How Do Medical Collections Affect Your Credit?

Have you ever been billed for medical issues and didn’t have the means to pay the bill at the time, causing the bill to go into collections? Situations like these are very common and could cause a domino effect of problems.

Medical expenses are often unexpected, which makes them much more difficult to manage than, for example, a car loan.

Many people don’t have the extra funds on hand to cover the bill if it’s higher than expected, which could leave them with large amounts of debt. In addition to diminishing your bank account, medical bills can affect your credit if you don’t carefully manage them and pay them on time.

We’ll begin by saying the result is not ideal, but like most situations, it’s nothing you can’t overcome.

What is a medical collection? 

A medical collection occurs when you’re billed for medical expenses and have failed to make a payment on time.

Doctors and hospitals aren’t the ones reporting your debts to credit bureaus if you miss a payment. Instead, they turn their unpaid bills over to a debt collector. Every health care provider has its own policies on when a bill is considered “past due.”

How can a medical collection affect my credit? 

Receiving a medical bill won’t necessarily affect your credit score itself. Medical bills only affect your credit score if the medical collection agency gets involved.

However, any unpaid bills will show up on your credit report, which can have a negative impact on your credit score.

The good news is that the three major credit bureaus—Experian, Equifax, and TransUnion—treat medical debt differently than other delinquent accounts. They add a 180-day grace period for medical debt that may end up on a credit report.

It’s difficult to predict exactly how many points any collection or derogatory information will lower you score.

How long can medical collections affect my score? 

Collections can remain on a credit report for seven years from the date of the original delinquency.

If the medical bill is added to your credit report and your insurance provider later pays it, the credit bureau is required to remove it from your credit report. Even if you pay off the medical bill in full yourself, it will remain on your credit report unless you negotiate a “total delete” with the collection agency.

What are some ways I can keep medical bills off of my credit report?
  • Know what your health insurance covers. If you’re not sure whether a particular medical procedure will be covered or how much your insurance company will pay, contact your health insurance company before your appointment. Ask how much you’ll be responsible for paying out of pocket so there won’t be any surprises!
  • Keep track of your medical bills. It can be helpful to set a reminder so you don’t lose track of when payments are due.
  • Set up payment plans. If you don’t have insurance or your insurance won’t cover a procedure, it may be worth trying to negotiate cost or a payment arrangement before you undergo treatment. Your medical service provider may charge lower rates for people who are paying privately.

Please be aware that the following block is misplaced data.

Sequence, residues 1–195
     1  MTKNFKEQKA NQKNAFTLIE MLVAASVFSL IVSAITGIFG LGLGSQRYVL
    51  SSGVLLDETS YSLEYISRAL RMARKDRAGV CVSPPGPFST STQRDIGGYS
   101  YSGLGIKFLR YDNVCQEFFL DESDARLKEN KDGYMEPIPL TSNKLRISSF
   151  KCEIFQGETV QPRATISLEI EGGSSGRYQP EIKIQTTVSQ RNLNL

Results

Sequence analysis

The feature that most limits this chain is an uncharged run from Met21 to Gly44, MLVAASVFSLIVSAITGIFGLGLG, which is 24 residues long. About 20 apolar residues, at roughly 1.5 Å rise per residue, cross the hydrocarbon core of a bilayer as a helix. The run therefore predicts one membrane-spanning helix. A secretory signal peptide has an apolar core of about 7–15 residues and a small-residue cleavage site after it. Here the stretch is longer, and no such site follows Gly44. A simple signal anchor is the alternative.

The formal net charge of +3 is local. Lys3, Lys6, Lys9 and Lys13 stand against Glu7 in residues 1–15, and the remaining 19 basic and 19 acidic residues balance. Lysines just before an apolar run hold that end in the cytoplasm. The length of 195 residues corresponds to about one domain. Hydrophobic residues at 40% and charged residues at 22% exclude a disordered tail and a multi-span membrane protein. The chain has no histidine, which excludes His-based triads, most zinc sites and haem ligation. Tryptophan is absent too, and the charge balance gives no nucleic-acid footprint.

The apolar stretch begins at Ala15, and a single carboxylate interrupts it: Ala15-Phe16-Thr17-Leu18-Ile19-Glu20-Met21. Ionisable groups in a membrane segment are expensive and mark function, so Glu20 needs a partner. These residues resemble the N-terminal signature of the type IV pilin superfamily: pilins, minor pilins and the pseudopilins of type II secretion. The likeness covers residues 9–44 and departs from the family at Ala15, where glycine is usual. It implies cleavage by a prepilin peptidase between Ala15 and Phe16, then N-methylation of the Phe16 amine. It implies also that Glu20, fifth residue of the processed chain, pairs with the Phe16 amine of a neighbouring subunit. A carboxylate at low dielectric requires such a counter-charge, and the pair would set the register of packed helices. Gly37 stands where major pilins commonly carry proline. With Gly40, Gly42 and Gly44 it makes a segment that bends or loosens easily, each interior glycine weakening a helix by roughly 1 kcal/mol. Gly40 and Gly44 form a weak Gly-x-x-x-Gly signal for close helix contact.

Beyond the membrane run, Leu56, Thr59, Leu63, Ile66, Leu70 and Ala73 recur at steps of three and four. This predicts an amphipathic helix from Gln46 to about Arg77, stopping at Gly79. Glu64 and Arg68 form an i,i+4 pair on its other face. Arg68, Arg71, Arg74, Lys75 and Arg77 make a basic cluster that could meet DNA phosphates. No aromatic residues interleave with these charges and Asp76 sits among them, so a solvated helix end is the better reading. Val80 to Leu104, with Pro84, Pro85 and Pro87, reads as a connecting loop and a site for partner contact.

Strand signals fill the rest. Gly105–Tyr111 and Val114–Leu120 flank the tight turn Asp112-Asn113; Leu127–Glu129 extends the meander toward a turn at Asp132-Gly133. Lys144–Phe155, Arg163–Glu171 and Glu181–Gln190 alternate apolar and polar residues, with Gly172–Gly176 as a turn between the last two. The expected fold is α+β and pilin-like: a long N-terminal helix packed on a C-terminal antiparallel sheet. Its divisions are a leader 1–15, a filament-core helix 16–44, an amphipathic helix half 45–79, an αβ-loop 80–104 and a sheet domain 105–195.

• Review for mistakes. Carefully go over your medical bills to determine whether the charges are accurate or not. If something looks incorrect to you, contact your health care provider and insurance company as soon as possible and ask them to correct the error.
  • Monitor your credit report. If there’s suspicious behavior and you notice a medical bill for an appointment or procedure that isn’t accurate, you can dispute the charges and might be able to get them removed from your credit report.
How can I move forward?

Even if you’ve experienced medical debt, it’s important to remember that there is a path to move forward and rebuild your financial independence!

The key is to be proactive when it comes to your medical bills and take immediate action if you find yourself owing an unexpected bill. Taking a few simple precautions when undergoing medical treatment will help keep medical debt from negatively impacting your credit score.

Having a medical bill on your credit report won’t ruin your credit forever, especially if you keep up with your other debt payments. If it’s the only negative item on your credit report and it’s paid, you can still have a good credit score and have a much better chance in getting future loan applications approved.

We would encourage anyone in this type of situation to meet with a credit counselor. Pelican offers credit counseling sessions that are completely free to Pelican members!

Our Nationally Certified Credit Counselors can help you create a plan that will ensure a successful financial future for you and your family. If you would like to speak with a credit counselor, please contact us at 1-800-351-4877 or our online form on our website.

Do you have any further questions about how your credit score can be affected by medical collections that we didn’t cover? Let us know in the comments below!

* Pelican State CU membership required to take advantage of free credit counseling services. Visit to become a member. You have the right to a free credit report from or 877-322-8228, the ONLY authorized source under federal law. Credit counseling is not intended to give you financial advice, but the financial education you need to make informed decisions. Results may vary. Pelican and its employees are not responsible for any claim, suit, action or damage resulting from credit counseling.

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